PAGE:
Now, the sudden accession of capital in the form of these vast coalfields put mankind in a fever of exploitation: coal and iron were the pivots upon which the other functions of society revolved. The activities of the nineteenth century were consumed by a series  of rushes – the gold rushes, the iron rushes, the copper rushes, the petroleum rushes, the diamond rushes. The animus of mining affected the entire economic and social organism: this dominant mode of exploitation became the pattern for subordinate forms of industry. The reckless, get-rich-quick, devil-take-the-hindmost attitude of the mining rushes spread everywhere: the bonanza farms of the Middle West in the United States were exploited as if they were mines, and the forests were gutted out and mined in the same fashion as the minerals that lay in their hills. Mankind behaved like a drunken heir on a spree. And the damage to form and civilization through the prevalence of these new habits of disorderly exploitation and wasteful expenditure remained, whether or not the source of energy itself disappeared. The psychological results of carboniferous capitalism-the lowered morale, the expectation of getting something for nothing, the disregard for a balanced mode of production and consumption, the habituation to wreckage and debris as part of the normal human environment-all these results were plainly mischievous. (Mumford 1934:157-8)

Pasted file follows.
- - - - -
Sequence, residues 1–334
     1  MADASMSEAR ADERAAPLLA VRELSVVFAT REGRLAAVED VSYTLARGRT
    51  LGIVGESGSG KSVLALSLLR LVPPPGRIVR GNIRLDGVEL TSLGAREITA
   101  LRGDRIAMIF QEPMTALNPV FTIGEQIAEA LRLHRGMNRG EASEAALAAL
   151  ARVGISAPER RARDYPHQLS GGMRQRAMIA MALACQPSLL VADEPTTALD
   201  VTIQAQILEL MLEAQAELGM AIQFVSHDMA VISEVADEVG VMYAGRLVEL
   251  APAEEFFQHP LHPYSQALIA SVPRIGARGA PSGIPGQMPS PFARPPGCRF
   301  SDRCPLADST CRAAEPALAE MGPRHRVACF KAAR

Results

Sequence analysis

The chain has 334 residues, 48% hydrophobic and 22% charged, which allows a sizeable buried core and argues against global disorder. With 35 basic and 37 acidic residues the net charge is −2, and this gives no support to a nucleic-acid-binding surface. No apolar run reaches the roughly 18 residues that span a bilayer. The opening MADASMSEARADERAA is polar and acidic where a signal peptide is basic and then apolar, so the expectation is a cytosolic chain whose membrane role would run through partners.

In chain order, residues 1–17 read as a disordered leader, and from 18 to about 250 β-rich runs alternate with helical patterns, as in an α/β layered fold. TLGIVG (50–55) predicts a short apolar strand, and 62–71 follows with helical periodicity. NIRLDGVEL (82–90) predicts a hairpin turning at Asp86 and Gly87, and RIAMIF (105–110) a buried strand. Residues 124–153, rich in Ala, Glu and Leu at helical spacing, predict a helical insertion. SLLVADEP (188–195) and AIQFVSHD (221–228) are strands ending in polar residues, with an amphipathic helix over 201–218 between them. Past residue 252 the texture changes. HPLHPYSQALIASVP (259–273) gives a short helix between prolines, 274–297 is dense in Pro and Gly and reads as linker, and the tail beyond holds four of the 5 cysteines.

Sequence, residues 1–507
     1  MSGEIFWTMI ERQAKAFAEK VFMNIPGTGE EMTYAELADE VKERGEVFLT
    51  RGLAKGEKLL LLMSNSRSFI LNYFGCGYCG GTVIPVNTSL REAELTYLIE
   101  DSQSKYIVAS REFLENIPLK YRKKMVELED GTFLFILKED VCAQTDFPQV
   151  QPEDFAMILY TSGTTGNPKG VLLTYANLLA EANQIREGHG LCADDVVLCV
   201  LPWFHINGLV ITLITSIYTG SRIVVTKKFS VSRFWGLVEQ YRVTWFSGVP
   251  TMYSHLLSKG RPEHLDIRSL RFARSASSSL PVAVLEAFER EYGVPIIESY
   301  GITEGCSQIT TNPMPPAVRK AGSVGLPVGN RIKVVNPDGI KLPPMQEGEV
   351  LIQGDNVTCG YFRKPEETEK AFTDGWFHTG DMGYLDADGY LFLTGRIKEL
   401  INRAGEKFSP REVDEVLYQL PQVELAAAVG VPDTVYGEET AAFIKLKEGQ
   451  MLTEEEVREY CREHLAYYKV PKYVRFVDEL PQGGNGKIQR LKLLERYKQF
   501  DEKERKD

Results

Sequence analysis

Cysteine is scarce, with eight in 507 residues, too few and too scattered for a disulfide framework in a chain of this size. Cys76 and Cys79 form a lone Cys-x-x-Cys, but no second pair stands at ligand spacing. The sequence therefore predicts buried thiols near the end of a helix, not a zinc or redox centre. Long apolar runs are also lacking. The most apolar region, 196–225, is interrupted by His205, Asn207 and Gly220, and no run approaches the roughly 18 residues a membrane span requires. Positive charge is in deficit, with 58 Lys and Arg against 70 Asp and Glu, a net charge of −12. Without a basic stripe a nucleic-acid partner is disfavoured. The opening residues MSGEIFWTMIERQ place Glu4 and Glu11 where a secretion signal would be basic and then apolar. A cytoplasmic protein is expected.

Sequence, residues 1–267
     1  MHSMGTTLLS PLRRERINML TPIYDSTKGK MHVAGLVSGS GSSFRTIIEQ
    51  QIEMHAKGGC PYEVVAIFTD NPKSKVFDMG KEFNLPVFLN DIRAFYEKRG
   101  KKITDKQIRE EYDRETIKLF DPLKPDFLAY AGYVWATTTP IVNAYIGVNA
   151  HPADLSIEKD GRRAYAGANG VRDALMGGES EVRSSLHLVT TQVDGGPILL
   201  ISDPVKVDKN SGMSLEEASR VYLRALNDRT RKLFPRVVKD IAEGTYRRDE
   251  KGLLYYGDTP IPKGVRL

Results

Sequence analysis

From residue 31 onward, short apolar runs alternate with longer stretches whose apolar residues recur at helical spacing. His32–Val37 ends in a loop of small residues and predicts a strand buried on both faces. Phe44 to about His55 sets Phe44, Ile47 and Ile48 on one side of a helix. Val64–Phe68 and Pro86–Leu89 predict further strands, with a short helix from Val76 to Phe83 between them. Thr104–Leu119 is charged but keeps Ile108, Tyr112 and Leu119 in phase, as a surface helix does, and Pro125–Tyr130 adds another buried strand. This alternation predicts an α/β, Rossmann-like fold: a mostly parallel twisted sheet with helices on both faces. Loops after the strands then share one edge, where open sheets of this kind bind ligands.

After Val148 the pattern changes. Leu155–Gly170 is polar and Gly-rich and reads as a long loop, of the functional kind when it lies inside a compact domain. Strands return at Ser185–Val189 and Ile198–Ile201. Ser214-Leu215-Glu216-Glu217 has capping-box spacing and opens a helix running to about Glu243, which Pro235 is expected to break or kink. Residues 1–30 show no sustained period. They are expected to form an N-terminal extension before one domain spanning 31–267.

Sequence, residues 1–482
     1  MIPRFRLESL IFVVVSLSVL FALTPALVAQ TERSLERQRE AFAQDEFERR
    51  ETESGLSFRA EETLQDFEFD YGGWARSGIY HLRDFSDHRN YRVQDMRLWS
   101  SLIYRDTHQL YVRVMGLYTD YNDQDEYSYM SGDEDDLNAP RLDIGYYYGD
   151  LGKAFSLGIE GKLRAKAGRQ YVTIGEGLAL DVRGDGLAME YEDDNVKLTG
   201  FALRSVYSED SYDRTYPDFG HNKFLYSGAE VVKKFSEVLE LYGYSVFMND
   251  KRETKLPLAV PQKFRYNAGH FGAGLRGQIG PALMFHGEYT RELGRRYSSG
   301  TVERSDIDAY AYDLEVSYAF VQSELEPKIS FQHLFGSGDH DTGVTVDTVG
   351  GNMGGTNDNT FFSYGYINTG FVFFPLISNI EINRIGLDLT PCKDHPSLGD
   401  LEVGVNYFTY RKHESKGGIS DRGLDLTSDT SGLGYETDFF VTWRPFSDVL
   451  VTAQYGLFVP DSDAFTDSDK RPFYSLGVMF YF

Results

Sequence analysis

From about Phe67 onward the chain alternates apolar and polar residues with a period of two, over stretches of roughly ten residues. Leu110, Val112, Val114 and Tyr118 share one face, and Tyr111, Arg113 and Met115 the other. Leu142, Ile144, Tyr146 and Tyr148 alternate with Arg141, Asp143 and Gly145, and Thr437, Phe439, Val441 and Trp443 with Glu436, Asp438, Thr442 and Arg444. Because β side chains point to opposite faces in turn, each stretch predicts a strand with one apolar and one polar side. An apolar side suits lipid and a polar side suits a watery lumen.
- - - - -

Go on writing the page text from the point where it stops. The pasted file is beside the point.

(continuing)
MUMFORD, Lewis. 1934. Technique and civilization. New York: Harcourt, Brace and Company.